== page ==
This photo has been used for illustrative purpose only.
All parenting experts agree that children should have consequences when they misbehave but how do you know when punishment becomes excessive? How do you know what the line is between reasonable and over the top?
As a general rule, physical punishment is considered excessive. Anything that requires belts, paddles, switches are dangerous and must be avoided most definitely.
Where spanking is concerned, the best research (that is, research done by people who are dispassionate on the subject) consistently find that contrary to the ideological myth, when spankings are occasional, moderate (two to four swats on the child’s rear end), and administered by loving parents who spank with their hands only, they are not associated with psychological, behavioural, or social problems.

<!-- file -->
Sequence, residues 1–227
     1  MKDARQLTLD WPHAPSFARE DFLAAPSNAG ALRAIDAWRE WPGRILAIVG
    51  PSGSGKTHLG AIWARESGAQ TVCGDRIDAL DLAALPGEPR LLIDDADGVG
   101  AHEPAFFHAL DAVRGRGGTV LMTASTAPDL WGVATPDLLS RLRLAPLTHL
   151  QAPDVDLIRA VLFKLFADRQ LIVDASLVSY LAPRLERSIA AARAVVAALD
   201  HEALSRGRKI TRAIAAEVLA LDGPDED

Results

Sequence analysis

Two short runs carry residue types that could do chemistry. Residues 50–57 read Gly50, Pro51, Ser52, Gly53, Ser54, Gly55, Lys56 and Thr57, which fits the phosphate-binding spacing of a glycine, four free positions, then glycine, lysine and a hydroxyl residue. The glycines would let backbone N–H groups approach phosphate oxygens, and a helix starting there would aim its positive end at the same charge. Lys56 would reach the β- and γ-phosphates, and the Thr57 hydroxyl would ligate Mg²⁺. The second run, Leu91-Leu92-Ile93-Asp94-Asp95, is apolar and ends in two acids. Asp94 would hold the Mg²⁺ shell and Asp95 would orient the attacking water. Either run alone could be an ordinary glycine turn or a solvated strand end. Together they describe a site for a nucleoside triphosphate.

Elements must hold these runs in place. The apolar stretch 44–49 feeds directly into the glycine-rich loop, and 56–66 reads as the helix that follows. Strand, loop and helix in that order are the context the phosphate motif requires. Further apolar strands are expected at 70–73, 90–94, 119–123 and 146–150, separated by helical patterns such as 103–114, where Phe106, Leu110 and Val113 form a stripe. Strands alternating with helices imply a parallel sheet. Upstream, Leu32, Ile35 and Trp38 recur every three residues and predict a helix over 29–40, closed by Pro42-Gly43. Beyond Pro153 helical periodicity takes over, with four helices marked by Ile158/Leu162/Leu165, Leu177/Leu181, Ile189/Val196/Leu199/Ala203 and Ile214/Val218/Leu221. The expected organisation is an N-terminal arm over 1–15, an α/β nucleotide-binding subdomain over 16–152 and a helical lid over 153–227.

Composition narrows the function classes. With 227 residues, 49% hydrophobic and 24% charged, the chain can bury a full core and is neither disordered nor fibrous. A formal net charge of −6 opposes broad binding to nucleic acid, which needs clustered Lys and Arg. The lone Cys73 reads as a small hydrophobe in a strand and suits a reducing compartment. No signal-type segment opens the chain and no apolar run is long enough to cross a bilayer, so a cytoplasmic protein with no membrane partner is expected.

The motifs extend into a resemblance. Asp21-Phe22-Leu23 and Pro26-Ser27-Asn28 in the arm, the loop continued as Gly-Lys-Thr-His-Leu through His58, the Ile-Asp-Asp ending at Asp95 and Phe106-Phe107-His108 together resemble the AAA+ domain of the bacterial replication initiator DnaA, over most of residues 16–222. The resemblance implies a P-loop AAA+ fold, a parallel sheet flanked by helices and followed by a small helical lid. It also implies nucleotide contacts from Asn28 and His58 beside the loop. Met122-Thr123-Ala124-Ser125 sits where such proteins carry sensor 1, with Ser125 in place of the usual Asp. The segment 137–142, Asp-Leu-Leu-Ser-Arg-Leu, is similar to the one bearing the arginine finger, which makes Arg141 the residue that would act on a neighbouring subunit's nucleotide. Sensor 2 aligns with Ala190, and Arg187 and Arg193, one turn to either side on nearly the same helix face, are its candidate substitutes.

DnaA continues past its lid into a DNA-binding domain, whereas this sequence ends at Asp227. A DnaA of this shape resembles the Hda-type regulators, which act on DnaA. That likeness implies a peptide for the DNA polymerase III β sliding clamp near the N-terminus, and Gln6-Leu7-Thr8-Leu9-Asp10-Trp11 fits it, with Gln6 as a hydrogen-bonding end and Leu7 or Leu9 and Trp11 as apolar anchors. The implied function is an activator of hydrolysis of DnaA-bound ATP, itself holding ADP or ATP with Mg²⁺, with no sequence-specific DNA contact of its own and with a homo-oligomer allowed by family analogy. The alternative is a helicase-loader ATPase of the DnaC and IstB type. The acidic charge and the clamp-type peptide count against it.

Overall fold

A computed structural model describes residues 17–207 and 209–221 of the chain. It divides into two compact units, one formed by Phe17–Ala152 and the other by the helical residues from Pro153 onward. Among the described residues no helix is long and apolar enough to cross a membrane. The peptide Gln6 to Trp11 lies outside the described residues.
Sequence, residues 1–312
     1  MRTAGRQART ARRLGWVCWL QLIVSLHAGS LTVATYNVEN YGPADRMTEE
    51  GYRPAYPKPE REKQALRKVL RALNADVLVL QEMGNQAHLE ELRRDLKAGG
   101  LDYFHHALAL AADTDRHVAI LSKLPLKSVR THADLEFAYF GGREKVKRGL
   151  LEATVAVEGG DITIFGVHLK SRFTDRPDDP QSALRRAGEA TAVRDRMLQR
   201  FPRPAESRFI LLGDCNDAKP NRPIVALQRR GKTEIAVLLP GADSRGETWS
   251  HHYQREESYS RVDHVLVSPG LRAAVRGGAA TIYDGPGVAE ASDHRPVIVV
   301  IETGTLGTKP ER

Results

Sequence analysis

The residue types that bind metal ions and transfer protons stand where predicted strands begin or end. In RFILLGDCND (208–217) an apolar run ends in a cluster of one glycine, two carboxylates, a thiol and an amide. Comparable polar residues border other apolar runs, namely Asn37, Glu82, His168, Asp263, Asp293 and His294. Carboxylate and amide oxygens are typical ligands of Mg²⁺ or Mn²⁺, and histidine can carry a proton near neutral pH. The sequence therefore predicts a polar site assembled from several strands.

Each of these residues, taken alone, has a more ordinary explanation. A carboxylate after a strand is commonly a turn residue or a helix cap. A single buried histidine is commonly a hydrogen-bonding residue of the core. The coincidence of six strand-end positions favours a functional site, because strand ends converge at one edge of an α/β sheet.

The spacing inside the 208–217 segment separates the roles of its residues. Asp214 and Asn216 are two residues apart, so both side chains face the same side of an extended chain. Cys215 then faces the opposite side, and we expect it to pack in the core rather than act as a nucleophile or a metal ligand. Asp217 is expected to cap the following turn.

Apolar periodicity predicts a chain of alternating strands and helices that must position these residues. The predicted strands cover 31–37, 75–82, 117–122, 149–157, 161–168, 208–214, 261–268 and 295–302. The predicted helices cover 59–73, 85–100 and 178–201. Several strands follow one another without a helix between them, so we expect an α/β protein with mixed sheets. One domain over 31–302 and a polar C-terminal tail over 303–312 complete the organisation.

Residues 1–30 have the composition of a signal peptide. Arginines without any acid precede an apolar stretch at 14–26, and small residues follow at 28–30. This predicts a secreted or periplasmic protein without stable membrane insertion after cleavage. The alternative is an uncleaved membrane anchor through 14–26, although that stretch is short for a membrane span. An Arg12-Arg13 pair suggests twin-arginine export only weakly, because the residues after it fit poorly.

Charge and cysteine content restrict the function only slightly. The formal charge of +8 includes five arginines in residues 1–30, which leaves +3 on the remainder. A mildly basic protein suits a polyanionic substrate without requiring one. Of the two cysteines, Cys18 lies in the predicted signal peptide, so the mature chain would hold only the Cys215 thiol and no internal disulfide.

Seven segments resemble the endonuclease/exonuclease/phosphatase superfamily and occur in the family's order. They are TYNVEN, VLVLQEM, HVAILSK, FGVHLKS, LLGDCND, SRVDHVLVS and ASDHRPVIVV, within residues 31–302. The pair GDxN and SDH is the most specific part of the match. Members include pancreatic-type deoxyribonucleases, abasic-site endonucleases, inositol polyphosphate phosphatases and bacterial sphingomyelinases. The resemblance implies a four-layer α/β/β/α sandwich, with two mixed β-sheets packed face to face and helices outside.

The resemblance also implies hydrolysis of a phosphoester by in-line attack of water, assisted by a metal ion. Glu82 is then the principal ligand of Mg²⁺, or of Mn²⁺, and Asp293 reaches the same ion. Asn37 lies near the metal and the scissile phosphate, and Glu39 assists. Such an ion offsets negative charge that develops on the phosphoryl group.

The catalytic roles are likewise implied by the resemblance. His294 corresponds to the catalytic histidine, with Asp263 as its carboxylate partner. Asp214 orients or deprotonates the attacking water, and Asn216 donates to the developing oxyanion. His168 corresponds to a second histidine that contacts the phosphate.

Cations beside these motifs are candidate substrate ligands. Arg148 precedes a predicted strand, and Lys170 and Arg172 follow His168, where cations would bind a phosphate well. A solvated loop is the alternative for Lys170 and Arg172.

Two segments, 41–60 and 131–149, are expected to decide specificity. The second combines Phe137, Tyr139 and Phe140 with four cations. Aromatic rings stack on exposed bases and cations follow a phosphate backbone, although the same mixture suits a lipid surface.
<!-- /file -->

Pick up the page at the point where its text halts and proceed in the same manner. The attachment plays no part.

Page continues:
Successful discipline is a matter of properly manipulating consequences and it’s not always necessary to respond to misbehaviour with consequences. Consequences are overrated and often overused.
The key to effective discipline is an attitude, a certain presentation style, not consequences or punishment. When parents act like their authority is legitimate, that they know what they are doing and why, children do what they are told. When parents explain, threaten, yell, plead, and the like, children take every opportunity to misbehave.
Punishment is an essential aspect of an effective disciplinary approach. Research — again, studies done by dispassionate individuals — confirms that assertion.
It’s important to note that the “size” of a punishment does not determine whether it is excessive or not. That is determined by the parent’s attitude. Punishment is likely to be excessive when the parent is angry and using punishment as a form of “payback.”
The parent in question is being impulsive and vengeful as opposed to calmly corrective. Whatever message the parent intends to send is blurred by his or her emotional reaction to the child’s misbehaviour.
Punishment that is driven by emotion accomplishes nothing and serves only to elicit emotion from the child. It accomplishes nothing of value; therefore, by definition, it is excessive.
Tribune News Service
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